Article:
Non-random genetic alterations in the cyanobacterium Nostoc sp. exposed to space conditions

Yuguang Liu, Patricio Jeraldo, William Herbert, Samantha McDonough, Bruce Eckloff, Jean Pierre de Vera, Charles Cockell, Thomas Leya, Mickael Baqué, Jin Jen, Dirk Schulze-Makuch, Marina Walther-Antonio

Research output: Contribution to journalArticlepeer-review


Understanding the impact of long-term exposure of microorganisms to space is critical in understanding how these exposures impact the evolution and adaptation of microbial life under space conditions. In this work we subjected Nostoc sp. CCCryo 231-06, a cyanobacterium capable of living under many different ecological conditions, and also surviving in extreme ones, to a 23-month stay at the International Space Station (the Biology and Mars Experiment, BIOMEX, on the EXPOSE-R2 platform) and returned it to Earth for single-cell genome analysis. We used microfluidic technology and single cell sequencing to identify the changes that occurred in the whole genome of single Nostoc cells. The variant profile showed that biofilm and photosystem associated loci were the most altered, with an increased variant rate of synonymous base pair substitutions. The cause(s) of these non-random alterations and their implications to the evolutionary potential of single bacterial cells under long-term cosmic exposure warrants further investigation.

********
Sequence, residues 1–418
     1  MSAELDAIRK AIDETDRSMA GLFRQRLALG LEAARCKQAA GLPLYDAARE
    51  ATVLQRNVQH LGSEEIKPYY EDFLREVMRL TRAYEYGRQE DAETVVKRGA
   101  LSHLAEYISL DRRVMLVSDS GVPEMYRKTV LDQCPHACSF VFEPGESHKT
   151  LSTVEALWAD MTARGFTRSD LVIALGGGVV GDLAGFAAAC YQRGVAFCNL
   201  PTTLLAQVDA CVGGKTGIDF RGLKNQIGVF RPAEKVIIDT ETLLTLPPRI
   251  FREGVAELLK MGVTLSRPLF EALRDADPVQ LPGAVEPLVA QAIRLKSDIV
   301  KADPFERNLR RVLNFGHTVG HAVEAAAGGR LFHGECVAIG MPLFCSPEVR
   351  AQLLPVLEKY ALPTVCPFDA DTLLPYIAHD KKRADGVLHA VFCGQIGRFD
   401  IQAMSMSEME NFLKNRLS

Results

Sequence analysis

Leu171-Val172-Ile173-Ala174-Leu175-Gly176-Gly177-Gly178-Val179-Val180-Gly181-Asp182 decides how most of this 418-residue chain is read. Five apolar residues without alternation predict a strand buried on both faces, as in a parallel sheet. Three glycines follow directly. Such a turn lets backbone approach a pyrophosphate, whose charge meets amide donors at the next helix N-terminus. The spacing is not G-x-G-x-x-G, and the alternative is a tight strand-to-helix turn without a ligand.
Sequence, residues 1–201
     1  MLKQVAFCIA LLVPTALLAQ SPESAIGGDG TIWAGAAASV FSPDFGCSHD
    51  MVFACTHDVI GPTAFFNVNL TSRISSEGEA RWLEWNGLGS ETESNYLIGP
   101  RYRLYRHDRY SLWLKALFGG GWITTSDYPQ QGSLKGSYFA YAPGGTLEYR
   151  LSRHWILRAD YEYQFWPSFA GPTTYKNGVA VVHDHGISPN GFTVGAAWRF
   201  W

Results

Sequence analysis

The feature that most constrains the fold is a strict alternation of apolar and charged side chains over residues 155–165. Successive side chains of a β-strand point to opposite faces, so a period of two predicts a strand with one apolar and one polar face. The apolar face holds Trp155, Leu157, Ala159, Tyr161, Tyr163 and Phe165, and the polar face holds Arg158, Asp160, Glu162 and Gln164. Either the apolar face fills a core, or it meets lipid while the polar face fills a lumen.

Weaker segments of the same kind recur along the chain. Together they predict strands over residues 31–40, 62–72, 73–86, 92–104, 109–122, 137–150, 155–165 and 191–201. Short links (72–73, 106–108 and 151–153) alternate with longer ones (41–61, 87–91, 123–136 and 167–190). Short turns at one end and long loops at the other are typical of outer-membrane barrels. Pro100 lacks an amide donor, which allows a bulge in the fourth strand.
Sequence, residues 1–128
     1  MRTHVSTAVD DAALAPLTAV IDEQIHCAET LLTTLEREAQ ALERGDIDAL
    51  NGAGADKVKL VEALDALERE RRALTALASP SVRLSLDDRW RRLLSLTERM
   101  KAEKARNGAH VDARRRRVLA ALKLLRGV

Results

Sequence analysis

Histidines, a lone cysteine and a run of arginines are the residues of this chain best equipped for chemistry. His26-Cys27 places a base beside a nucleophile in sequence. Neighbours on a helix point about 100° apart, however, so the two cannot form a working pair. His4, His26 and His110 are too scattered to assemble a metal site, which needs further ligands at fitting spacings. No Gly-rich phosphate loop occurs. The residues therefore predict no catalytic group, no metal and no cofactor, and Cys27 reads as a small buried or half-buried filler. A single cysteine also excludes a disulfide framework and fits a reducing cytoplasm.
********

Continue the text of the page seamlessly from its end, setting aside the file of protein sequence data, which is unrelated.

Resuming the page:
Original languageEnglish (US)
Article number12580
JournalScientific reports
Issue number1
StatePublished - Dec 2022

ASJC Scopus subject areas

  • General


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